Charters & Choice

Brian Kisida

Editor's note: This is the tenth post in Fordham's 2016 Wonkathon. We've asked assorted education policy experts to answer this question: What are the "sleeper provisions" of ESSA that might encourage the further expansion of parental choice, at least if advocates seize the opportunity? Prior entries can be found herehereherehereherehereherehere, and here.

There isn’t much in the Every Student Succeeds Act (ESSA) that explicitly addresses school choice. Still, there will likely be indirect effects from some ESSA policies. Specifically, I think there are two key areas where ESSA will have important implications for school choice. First, both the weighted student funding pilot program and the new requirement to report school-level expenditures will further solidify the idea that dollars should follow students, which will likely lead to increases in school choice funding levels. Second, the requirement for more diverse measures in state accountability systems aligns with school choice’s focus on innovation and specialization. With academic success defined across a broader set of outcomes, the ability for choice schools to pursue broader academic outcomes will be less constrained.

School-level spending transparency and student-based budgeting

Under ESSA, states will be required to report expenditures at the school...

Jordan Posamentier

Editor's note: This is the ninth post in Fordham's 2016 Wonkathon. We've asked assorted education policy experts to answer this question: What are the "sleeper provisions" of ESSA that might encourage the further expansion of parental choice, at least if advocates seize the opportunity? Prior entries can be found hereherehereherehereherehere, and here.

ESSA provides states with the opportunity to incentivize school districts to expand parent choice. States now have the freedom to relax their NCLB-driven state laws while incentivizing local authorities to go about improving choice in their school systems.

ESSA replaced NCLB, but the law of the land leading up to reauthorization was shaped by the Obama administration’s waiver program. The Department of Education used those waivers to compel states to pass a number of rather prescriptive laws, which tied the hands of districts in some policy areas. Perhaps the most onerous requirement was performance-based teacher evaluations, which—while well intentioned—were also highly constraining.

ESSA cleared the regulatory deck established by the waiver program, but by and large, the state laws that passed because of those waivers are still on the books. To unbind districts from those laws, states can now do one of three...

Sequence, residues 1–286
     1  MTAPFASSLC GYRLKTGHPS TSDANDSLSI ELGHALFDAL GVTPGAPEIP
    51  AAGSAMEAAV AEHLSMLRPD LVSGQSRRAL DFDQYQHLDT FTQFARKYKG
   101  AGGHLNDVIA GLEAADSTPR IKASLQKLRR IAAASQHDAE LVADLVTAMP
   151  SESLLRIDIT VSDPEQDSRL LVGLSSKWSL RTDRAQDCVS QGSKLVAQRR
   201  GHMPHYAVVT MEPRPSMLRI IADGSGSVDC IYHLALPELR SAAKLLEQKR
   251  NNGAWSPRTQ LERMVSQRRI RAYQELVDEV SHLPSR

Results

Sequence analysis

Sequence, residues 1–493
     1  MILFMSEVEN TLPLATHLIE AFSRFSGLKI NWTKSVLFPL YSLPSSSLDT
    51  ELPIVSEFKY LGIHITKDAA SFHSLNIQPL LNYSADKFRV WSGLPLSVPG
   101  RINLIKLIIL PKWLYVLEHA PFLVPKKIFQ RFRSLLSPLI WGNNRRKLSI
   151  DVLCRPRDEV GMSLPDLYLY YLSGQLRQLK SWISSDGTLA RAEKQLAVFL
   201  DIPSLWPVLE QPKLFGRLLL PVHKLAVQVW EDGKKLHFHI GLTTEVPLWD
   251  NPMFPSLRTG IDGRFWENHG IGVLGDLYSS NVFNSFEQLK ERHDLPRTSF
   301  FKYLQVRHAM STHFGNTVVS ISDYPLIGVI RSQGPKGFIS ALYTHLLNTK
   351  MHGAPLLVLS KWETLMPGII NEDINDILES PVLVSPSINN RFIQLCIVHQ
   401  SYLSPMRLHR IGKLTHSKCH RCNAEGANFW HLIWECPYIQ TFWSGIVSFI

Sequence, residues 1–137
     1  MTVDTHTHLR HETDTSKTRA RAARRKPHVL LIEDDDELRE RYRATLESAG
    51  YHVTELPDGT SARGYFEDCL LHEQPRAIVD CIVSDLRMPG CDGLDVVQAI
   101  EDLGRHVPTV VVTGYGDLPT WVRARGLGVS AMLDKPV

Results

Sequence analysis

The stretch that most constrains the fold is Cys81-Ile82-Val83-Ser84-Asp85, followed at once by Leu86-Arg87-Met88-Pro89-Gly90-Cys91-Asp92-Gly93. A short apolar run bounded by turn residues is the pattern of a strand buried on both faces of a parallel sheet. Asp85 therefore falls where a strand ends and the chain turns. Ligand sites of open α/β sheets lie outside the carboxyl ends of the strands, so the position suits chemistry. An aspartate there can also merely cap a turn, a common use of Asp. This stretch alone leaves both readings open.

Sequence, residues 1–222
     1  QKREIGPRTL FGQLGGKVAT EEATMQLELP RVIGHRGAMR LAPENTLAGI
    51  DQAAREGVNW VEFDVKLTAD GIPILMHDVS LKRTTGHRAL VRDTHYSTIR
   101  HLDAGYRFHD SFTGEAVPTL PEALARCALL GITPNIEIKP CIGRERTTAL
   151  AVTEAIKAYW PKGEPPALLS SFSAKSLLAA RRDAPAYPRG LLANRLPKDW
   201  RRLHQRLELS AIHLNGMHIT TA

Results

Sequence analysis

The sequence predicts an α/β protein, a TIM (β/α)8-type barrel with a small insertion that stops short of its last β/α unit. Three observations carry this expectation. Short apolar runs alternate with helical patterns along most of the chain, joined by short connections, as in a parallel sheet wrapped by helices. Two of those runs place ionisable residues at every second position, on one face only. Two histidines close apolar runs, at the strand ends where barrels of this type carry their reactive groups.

Last month, Attorney General Mike DeWine toured Citizens Academy, one of the eleven charter schools in the Breakthrough Schools network. Breakthrough, whose schools rank among the top in the state, serves 3,300 Cleveland students in grades K–8. Founded in 1999, Citizens Academy is among Ohio’s oldest charter schools and places special focus on both academic excellence and responsible citizenship. We at Fordham spotlighted Citizens as one of Ohio’s high-performing, high-poverty schools in our 2010 report Needles in a Haystack. The charter school has also been named a National Blue Ribbon School by the U.S. Department of Education and has received honors from the Ohio Department of Education. Today, the school educates approximately 440 pupils, almost all of whom come from low-income families. 

Attorney General Mike DeWine poses for a photo with Citizens Academy students

Attorney General DeWine’s visit to Citizens Academy is especially fitting, as he has championed initiatives to rebuild Ohio’s urban neighborhoods by promoting economic development and neighborhood and school safety. High-performing charter schools like Citizens and its Breakthrough counterparts play a vital role in creating safe, sustainable neighborhoods...

Travis Pillow

Editor's note: This is the eighth post in Fordham's 2016 Wonkathon. We've asked assorted education policy experts to answer this question: What are the "sleeper provisions" of ESSA that might encourage the further expansion of parental choice, at least if advocates seize the opportunity? Prior entries can be found herehereherehereherehere, and here.

Regardless of exactly how they're funded, schools all over the United States face a basic problem. Many of those serving the most disadvantaged students tend to have the fewest resources.

In a nod to equity advocates, the new federal education law includes a modest attempt to entice school districts toward a solution: weighted funding. The Every Student Succeeds Act includes a pilot program that, in its first three years, would allow up to fifty districts to allocate funding to schools based on the characteristics of students they enroll. Schools would receive more funding for children who have special needs, speak a native language other than English, or come from a low-income families.

Many of the school finance reforms sought by choice advocates, such as true funding portability, didn't make it into the new statute. While the pilot program won't usher in a financing system in...

Christy Wolfe

Editor's note: This was a submission to Fordham's 2016 Wonkathon. We asked assorted education policy experts to answer this question: What are the "sleeper provisions" of ESSA that might encourage the further expansion of parental choice, at least if advocates seize the opportunity? Of the eleven submissions, this was selected as the winner by a poll of our readers.

One of my biggest concerns about ESSA has been its lack of a meaningful “safety valve” for kids in failing schools. There is no getting around the fact that this version of ESEA does not spell out parent-directed education options the same way No Child Left Behind did, with its explicit provisions for supplemental educational services and school choice. When ESSA eliminated the “cascade of sanctions” for schools deemed “in need ofimprovement”, explicit references to closing schools and reopening them as charters also disappeared. There are no requirements (let alone incentives) for choice and transportation.

What we learned from NCLB, though, is that unwanted mandates don’t usually lead to much real access to seats in better schools. Washington can tell a district it must offer school choice regardless of capacity, but in the real world the absence of high-quality...